The stretch of Interstate 40 between Amarillo, Texas, and Albuquerque, New Mexico, is fairly desolate. Aside from roadside truck stops and the occasional fast food chain, there’s not much to see or do along this 280-mile open road, but just a few miles off I-40 is an opportunity to cruise through one of Route 66’s most iconic towns: Tucumcari, New Mexico.
The town of Vega sits right on historic Route 66 and has several landmarks worth stopping for. Also worth checking out are Dot’s Mini Museum, Rooster's Mexican Restaurant & Cantina, the Hickory Inn Cafe, Bonanza Motel, Vega Motel (built in 1947), and a restored Magnolia service station. As one of the sunniest places in the U.S., Vega is sometimes referred to as the “Solar Capital of Texas.”
Once you reach Adrian, pat yourself on the back: You've made it to the midpoint of Route 66. You'll know you've arrived once you see the MidPoint Cafe, a vintage-style roadside diner with lots of photo ops to commemorate your journey down (half of) the Mother Road. The restaurant and gift shop claims to be located at the geographic midpoint between Los Angeles and Chicago.
Once a bustling desert oasis built on the state line between Texas and New Mexico, today Glenrio is a ghost town. But just because the town is abandoned doesn’t mean it’s irrelevant. The Glenrio Historic District is listed on the National Register of Historic Places. It also has a place in pop culture: A scene for the film adaptation of The Grapes of Wrath was filmed here, and in the animated movie Cars, an abandoned "Glenn Rio Motel" is turned into a racing museum.
If you need a break from driving, Ute Lake State Park in Logan features many miles of shoreline (the lake itself is 13 miles long), RV sites, and a campground where you can sleep under the stars. It’s a peaceful spot to recharge before getting your kicks in Tucumcari.
Tucumcari is an iconic Route 66 town—full of retro signage, abandoned motels, and classic diners—that's actively fighting to make a comeback. Tucumcari has a unique and fascinating history filled with tales of Native American settlements, notorious train robberies, and rowdy railroad construction workers so prone to pulling pistols on each other that the area was nicknamed “Six Shooter Siding” before getting its current name in 1901. A few years later, plans for the Mother Road began, and according to local history buffs, the town prepared itself for some of the route’s earliest alignments by building up its downtown accordingly. The result? Tucumcari’s downtown is separated from Route 66, where most of its kitschy motels and shops are still located today.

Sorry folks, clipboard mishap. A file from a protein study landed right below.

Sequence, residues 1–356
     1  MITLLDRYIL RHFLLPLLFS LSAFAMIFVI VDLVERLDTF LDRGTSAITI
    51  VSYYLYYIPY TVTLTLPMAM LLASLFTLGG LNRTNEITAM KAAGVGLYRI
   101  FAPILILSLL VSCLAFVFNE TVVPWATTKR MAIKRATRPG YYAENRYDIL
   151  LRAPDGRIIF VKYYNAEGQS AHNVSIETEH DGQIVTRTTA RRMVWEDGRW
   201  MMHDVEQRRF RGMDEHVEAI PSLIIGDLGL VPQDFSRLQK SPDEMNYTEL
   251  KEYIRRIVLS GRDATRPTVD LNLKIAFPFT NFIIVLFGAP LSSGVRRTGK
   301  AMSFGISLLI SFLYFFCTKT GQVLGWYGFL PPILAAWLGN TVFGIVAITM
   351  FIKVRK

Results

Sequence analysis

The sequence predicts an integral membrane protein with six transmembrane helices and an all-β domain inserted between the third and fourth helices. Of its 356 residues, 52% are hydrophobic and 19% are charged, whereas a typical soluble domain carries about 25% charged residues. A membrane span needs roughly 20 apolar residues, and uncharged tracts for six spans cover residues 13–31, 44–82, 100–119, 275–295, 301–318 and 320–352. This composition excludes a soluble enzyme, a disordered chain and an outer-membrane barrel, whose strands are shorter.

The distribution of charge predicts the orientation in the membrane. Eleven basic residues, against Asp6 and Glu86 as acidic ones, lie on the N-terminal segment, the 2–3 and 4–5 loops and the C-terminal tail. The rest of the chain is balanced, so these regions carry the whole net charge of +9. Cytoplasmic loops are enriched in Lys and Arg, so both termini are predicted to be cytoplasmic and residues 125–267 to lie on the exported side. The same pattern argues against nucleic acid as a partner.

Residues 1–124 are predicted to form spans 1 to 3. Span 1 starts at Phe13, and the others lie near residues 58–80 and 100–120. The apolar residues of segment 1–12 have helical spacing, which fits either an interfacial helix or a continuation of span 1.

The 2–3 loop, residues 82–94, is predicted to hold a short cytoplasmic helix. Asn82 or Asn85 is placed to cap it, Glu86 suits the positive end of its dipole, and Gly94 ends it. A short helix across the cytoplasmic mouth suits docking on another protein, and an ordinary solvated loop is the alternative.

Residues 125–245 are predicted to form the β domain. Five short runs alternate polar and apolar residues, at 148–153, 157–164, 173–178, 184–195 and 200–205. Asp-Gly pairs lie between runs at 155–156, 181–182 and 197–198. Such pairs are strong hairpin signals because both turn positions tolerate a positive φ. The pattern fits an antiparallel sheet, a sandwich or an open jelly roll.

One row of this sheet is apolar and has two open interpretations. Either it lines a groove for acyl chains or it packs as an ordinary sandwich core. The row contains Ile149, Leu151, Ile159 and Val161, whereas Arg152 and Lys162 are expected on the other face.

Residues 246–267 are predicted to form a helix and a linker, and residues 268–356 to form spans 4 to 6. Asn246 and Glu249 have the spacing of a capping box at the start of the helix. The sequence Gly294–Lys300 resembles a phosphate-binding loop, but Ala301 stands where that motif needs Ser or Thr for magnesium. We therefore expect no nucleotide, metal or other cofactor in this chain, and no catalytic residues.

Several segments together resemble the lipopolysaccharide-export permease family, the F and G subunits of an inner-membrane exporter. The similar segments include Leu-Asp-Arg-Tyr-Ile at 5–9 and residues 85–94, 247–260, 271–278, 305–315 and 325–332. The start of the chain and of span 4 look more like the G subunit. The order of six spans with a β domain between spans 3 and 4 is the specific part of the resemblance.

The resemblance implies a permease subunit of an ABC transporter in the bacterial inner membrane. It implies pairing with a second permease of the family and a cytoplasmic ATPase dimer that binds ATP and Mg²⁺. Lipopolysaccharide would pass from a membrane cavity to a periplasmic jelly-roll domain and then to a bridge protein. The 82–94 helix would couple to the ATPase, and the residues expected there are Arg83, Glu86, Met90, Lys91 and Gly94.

As larger highways took over, the town was largely left behind, and examples of Tucumcari’s struggles began to pop up everywhere. Many shops and motels closed their doors, but hope for a revival was not lost. Spending a day in Tucumcari means stepping back in time to Route 66’s glory days.
If you find yourself in need of sustenance while exploring Tucumcari, there's no better place to get a good meal than Del's Restaurant. It's got history; a friendly, small-town atmosphere; classic, home-cooked specials; and the iconic retro signage you want from a joint in Tucumcari. If you're feeling hungry, try the chicken-fried steak or a ribeye. The enchiladas offer a real taste of New Mexico. Wash it all down with a prickly pear margarita.
One of the last remaining curio shops in Tucumcari, Tee Pee Curios is not only awesome from the outside, but the inside is packed with all the Route 66 souvenirs, pottery, shirts, and jewelry you could ever want. Stop by after dark to check out the beautiful neon sign, one of only a few along this stretch that still lights up at night.
The iconic Blue Swallow Motel in Tucumcari has been open since 1939. As far as vintage neon signage goes, it doesn't get much better than the Blue Swallow's classic sign. If you can, stick around until dusk, it’s worth the wait. And there’s a reason for the classic “Tucumcari Tonite!” campaign—there’s no better place to stop for the night. Many rooms at the Blue Swallow come with their own garage, so you can stow your car, grab a lawn chair, and sit outside to bask in the glow of the iconic neon.
Motel Safari is a fantastic motel oozing with retro charm. It’s been a veritable Route 66 icon for more than 60 years. Built in 1959 by Chester Dohrer, the Googie design of the motel is quite fabulous. Architecture buffs will love discovering the many details, from the excellent signage to the counter-stacked brick grids in the facade. The current owners are diehard Route 66 enthusiasts, and they’re more than happy to share a beer on the patio and tell you all about Tucumcari.
If you’re more into prehistoric history, stop at the 10,000-square-foot Dinosaur Museum located in the Exhibit Hall of Mesalands Community College. The museum, which focuses on the Mesozoic period, is full of fossils and replicas, including a 40-foot-long Torvosaurus skeleton.
You’re more than halfway through the Mother Road, but don’t get nostalgic just yet—there’s still plenty left to see on your way into Arizona. The trading posts—and opportunities to buy moccasins—will become more frequent as you head further into the desert Southwest. Grants and Gallup, New Mexico, and Holbrook, Arizona, are all historic towns still full of top-notch neon and whimsical motels, so take your time and enjoy the dry air and colorful sunsets. Keep an eye out for black rocks that line the road between Grants and Gallup—this part of the route follows the Zuni-Bandera Volcanic Field.